RP: And because she is so attuned to working with various spaces, she doesn’t really need a designer per se.
UMB: No, she does not.
RP: Will she be physically present in the show?
UMB: Joan always is present [laughs]. To her a space has to work without her. If it’s the kind of space that is accessible for the audience. And the performance is where she is present. She always works with the space. And even if she might not be present when you see the show she usually is present in the show. Joan is very much present. That’s the strength of her work, you feel it. She has a remarkable voice. When I hear her voice, Joan is present. We were teaching a long time together. When I hear this voice I always listen in. She has the kind of voice that makes you listen.
RP: How does she feel about being the American representation next year in Venice, it’s a big deal.
UMB: Yes, it is a big deal for her. This is why you will see a remarkable piece in Venice. If you see her performances now she throws all of her knowledge together. She is like a sorceress. She has this decade long experience as a performer and she is still a shy person. But she is so powerful on stage. The time is right. I think for her, it means more at this moment in her career. She is such an iconic figure. She is a leading performance pioneer.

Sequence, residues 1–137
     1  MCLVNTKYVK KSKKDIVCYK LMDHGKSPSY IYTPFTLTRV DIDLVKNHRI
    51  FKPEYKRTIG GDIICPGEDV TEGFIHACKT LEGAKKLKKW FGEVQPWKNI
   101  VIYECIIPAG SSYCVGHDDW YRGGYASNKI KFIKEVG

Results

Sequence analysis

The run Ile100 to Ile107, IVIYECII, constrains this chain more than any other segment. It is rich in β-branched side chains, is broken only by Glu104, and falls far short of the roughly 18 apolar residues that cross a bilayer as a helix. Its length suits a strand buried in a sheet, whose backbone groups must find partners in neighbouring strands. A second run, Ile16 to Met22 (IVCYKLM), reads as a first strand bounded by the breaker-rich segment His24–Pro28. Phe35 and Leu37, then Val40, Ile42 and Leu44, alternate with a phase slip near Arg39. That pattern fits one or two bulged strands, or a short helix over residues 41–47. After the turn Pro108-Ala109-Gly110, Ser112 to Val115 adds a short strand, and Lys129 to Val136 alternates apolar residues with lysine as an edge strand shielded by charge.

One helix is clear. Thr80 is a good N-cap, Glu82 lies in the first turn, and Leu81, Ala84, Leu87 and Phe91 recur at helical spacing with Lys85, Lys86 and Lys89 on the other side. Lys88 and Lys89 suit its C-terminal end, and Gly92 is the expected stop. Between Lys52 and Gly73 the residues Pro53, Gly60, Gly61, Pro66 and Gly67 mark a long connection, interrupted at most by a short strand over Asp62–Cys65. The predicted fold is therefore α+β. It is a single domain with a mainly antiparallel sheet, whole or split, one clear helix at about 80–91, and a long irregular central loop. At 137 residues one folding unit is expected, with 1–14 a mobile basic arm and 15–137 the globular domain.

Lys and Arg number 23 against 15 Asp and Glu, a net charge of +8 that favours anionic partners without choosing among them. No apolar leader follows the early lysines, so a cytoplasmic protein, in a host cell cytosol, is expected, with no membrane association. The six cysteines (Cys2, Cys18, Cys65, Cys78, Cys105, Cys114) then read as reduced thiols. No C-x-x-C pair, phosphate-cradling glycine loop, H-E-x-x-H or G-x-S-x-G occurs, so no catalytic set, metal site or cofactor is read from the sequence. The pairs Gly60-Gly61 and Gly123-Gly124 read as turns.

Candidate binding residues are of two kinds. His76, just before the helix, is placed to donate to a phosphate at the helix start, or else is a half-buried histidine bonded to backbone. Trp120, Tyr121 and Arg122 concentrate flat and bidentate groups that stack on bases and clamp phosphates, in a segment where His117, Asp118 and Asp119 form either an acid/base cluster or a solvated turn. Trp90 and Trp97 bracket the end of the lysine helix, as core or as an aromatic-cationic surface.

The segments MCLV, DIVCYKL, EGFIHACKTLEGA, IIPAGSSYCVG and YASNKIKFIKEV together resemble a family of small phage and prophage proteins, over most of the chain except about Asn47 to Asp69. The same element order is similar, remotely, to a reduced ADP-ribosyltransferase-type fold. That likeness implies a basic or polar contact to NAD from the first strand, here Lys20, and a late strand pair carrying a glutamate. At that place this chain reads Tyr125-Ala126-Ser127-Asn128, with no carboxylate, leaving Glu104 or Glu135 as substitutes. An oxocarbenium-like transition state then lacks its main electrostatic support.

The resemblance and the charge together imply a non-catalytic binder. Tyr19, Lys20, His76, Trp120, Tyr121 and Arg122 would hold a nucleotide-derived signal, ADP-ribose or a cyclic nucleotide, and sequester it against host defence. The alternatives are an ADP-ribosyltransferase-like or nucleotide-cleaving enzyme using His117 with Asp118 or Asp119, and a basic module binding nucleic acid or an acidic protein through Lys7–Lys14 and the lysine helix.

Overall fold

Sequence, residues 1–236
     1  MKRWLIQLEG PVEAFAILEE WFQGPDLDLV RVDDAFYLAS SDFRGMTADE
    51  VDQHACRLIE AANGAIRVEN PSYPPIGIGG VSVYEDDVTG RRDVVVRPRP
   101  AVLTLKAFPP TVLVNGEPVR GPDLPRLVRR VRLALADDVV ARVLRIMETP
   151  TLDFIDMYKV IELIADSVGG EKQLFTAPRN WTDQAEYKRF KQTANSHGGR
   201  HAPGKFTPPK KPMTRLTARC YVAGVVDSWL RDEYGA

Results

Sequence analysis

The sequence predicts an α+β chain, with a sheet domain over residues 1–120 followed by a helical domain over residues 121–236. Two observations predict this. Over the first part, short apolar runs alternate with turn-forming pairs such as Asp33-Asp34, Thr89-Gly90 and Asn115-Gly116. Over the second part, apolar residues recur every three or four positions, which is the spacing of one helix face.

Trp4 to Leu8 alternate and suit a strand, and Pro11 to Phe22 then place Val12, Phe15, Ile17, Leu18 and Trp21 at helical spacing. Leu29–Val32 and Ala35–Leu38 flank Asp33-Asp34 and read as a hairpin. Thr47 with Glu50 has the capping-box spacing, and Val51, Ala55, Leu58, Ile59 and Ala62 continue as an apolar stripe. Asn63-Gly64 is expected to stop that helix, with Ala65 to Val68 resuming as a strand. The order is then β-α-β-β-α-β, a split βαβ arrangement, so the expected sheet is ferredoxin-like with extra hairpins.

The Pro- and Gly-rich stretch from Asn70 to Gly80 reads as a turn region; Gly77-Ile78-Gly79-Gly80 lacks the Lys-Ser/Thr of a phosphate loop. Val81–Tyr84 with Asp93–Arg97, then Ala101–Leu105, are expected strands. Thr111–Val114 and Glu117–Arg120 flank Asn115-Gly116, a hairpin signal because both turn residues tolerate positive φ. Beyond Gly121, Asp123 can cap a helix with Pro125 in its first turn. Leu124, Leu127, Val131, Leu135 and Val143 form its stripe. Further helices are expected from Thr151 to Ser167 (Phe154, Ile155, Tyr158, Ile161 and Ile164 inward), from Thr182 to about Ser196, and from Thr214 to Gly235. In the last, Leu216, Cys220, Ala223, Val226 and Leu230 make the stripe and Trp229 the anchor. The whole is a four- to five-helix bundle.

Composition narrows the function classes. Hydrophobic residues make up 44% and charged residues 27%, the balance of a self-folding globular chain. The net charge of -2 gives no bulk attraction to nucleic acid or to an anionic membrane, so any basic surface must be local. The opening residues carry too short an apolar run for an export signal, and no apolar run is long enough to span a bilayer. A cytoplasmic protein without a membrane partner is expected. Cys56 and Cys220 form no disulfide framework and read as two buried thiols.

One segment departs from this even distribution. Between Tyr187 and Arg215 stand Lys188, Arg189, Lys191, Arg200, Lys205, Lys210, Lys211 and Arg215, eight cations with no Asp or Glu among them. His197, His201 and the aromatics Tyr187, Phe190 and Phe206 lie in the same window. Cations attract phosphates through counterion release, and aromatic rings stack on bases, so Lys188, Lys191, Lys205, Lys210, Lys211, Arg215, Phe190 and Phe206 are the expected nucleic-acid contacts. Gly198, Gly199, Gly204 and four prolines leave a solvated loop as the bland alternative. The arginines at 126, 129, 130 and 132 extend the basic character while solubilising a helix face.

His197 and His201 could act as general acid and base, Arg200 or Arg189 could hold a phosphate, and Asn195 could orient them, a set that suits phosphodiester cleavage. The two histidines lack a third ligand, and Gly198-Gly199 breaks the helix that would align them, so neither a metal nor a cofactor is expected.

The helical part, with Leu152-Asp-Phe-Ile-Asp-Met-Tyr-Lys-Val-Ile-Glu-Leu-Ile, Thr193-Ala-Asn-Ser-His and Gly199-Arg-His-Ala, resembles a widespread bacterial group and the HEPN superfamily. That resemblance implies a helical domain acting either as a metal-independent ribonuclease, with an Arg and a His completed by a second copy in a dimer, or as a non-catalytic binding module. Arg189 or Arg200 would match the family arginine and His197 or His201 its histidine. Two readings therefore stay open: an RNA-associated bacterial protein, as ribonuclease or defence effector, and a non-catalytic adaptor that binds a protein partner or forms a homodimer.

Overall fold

RP: Vertical Roll, for example, is one of the great classics of early video art.
UMB: I met Joan first in 1983 in New York preparing a performance festival in a theater space, I was doing stage design. And Joan had been so important and we had embraced her always as an important American artist.
RP: For Venice is she going to be producing new work?
UMB: Yes, of course.
RP: So it is not a retrospective. And it will it be one large work? Do you know what she is working on? Can you even say?
UMB. No, it’s not like keeping a secret. Joan is somebody who needs time to develop a piece, and then she thinks it through. She goes to the space. Then she usually connects it to what she is reading. So, I can’t really say what she’s up to, she just returned from Nova Scotia, Cape Breton where she spends the summer, and this is where she usually develops her pieces.
RP: Before we finish, I want to ask you a little about your work here in Singapore. You’ve been working in the US, in Europe, and now here you are in Singapore. Is this taking your work anywhere new, will you continue doing what you have always been doing? Does being here in Southeast Asia change at all the work you are doing?
UMB: Of course it changes where you are and the discussions that you have, the artists you meet and the context. Of course you change something. But you don’t change yourself in that sense. Of course, you adapt to a place, but what is interesting is what do you bring to a place, what does this place bring to you. But here I have an exhibition space, I was missing curating. So to reconnect my practice as a curator, to have such a space here at the Centre for Contemporary Art, a research center, it was almost too good to be true.